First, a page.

General Motors do Brasil has launched an Opel Corsa-based minivan called the Chevrolet Meriva at its São José dos Campos plant, São Paulo state, writes Rogério Louro.

The Meriva will also be built in GM#;s Spanish Zaragoza plant, from January 2003, with Opel, Vauxhall and possibly Holden badges. Brazilian sales begin in August and South America exports will be under way by the end of the year.

The new car was developed jointly by GM in Brazil and Opel and is based on the Concept M model revealed last March at the Geneva show.

“We are convinced this new model will be a success both in Brazil and in the rest of the world”, said General Motors do Brasil vice-president José Carlos Pinheiro Neto.

The compact minivan, only four metres long, has a lengthy 2630mm wheelbase making it 130 mm shorter overall than a three-door Astra but with a wheelbase 200mm longer. We accordingly expect a smooth-riding car.

The Meriva is 220 mm longer than the new Brazilian Chevrolet Corsa (which has a different nose than its European siblings) and its wheelbase is 140mm longer, too.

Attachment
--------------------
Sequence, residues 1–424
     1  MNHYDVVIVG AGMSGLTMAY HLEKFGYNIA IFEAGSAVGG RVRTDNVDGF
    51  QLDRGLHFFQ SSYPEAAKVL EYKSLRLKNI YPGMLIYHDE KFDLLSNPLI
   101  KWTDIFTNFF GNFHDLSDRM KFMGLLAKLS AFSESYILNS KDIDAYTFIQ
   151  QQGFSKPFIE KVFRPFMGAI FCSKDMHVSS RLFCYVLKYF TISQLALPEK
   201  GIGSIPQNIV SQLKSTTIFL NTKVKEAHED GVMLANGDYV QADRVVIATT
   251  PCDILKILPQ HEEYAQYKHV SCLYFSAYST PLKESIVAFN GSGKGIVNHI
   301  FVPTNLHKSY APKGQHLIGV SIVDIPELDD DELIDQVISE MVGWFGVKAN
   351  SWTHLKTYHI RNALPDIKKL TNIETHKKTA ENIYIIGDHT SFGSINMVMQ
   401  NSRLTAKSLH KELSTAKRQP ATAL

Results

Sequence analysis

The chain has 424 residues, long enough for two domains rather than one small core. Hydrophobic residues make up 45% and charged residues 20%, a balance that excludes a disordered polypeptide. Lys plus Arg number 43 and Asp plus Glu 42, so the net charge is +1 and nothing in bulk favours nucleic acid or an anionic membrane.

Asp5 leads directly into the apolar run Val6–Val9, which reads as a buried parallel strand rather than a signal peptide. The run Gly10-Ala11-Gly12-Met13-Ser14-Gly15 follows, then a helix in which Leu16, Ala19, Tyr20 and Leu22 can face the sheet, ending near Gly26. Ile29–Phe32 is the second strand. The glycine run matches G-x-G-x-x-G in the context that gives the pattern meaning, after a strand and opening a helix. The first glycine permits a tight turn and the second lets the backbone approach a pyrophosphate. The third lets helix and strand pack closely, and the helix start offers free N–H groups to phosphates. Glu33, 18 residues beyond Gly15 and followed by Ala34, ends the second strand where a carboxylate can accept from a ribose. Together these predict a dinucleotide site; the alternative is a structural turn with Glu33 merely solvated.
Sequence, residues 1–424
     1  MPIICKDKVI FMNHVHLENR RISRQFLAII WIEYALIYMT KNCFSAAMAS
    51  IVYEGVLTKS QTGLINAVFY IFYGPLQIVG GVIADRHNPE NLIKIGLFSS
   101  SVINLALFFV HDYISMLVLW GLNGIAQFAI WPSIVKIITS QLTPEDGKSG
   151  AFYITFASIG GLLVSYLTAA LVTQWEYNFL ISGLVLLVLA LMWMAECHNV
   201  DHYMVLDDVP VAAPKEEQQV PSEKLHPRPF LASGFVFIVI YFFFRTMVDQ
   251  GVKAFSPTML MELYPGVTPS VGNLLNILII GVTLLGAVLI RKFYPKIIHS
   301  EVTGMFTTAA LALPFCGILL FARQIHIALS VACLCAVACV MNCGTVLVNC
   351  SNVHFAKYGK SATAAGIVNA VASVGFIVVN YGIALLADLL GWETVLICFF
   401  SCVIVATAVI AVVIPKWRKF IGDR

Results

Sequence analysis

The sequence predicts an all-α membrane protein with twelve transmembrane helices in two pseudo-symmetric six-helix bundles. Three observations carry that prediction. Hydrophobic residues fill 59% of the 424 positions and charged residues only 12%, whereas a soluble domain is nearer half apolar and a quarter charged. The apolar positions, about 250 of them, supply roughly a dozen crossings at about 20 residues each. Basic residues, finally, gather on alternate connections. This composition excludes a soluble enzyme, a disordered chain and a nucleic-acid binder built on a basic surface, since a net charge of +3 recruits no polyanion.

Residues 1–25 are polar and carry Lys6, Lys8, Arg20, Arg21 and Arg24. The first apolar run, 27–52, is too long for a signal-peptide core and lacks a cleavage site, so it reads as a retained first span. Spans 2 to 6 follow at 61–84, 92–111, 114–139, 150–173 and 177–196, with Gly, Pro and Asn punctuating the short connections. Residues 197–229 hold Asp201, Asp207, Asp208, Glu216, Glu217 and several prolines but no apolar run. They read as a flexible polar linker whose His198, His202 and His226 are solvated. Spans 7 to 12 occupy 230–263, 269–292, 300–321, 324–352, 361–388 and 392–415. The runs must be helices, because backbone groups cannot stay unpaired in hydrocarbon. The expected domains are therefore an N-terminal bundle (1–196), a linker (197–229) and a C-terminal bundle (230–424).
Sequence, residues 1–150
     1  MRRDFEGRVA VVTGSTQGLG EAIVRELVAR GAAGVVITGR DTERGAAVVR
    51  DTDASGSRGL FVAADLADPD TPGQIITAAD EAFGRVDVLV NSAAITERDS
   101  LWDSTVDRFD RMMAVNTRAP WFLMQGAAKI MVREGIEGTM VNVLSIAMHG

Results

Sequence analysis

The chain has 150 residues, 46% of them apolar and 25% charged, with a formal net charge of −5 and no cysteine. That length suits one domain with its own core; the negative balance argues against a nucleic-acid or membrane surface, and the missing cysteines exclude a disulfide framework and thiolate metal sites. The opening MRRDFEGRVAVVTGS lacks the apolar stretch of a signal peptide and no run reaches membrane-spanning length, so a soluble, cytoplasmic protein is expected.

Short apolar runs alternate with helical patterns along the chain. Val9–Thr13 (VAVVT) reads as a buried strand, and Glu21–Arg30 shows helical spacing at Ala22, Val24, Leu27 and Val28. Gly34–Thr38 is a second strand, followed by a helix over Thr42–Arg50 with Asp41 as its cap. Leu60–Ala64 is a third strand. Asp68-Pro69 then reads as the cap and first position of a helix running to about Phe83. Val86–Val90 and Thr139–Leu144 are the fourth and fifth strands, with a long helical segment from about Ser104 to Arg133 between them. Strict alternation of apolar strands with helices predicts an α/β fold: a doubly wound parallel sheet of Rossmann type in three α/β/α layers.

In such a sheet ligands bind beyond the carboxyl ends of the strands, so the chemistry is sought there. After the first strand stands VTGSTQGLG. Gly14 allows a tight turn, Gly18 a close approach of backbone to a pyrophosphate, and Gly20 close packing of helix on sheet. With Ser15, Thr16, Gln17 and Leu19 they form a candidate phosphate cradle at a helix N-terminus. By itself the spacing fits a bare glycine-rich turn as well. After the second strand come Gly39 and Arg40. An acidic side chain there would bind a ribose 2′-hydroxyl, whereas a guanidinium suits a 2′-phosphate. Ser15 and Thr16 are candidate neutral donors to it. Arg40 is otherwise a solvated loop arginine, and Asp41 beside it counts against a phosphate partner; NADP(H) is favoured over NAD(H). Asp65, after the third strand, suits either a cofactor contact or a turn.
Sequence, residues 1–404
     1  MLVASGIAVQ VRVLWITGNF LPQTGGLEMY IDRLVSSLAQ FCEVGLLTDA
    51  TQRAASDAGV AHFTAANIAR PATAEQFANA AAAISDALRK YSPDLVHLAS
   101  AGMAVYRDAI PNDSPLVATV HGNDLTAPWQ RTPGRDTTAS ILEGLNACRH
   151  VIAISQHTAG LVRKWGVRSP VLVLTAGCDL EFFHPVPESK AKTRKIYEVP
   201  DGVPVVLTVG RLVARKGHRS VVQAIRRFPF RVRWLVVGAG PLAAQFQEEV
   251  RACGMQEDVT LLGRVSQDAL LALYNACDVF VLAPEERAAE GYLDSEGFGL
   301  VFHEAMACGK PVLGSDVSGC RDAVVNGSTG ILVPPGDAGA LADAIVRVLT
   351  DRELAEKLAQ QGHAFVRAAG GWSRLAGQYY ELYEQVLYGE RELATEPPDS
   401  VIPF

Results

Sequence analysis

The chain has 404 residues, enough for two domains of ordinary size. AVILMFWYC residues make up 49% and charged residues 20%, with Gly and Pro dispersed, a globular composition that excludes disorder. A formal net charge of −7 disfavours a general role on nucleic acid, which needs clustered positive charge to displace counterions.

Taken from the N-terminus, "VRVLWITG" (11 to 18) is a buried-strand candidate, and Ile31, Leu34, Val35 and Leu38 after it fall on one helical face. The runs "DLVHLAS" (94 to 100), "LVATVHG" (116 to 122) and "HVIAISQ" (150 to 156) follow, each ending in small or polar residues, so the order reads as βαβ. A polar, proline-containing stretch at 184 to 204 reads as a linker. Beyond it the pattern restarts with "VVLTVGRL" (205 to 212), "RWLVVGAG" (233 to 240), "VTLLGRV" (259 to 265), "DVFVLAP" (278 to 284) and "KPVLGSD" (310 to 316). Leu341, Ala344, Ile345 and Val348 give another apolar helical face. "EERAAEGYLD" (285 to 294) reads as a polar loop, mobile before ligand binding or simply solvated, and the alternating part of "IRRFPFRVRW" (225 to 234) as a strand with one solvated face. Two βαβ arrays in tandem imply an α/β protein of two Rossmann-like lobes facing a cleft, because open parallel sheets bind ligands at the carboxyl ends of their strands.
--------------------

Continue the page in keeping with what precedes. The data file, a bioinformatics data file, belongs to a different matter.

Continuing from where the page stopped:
That long wheelbase allows the Meriva to have five individual passenger seats. GM#;s clever FlexSpace system, first introduced with the seven-seat Zafira, folds the three rear seats down to leave a flat floor, maximising luggage space.

The Brazilian Meriva comes with a choice of two 1.8-litre engines: a 101bhp eight-valve unit and or a 122bhp 16-valve.

General Motors of Brasil is coy about investment costs to build the Meriva locally - and production volume - but has confirmed the new model shares its plant with the Corsa and Zafira.

The GM outpost has also announced a second generation Corsa-based pick-up which, like the sedan, is locally developed and made.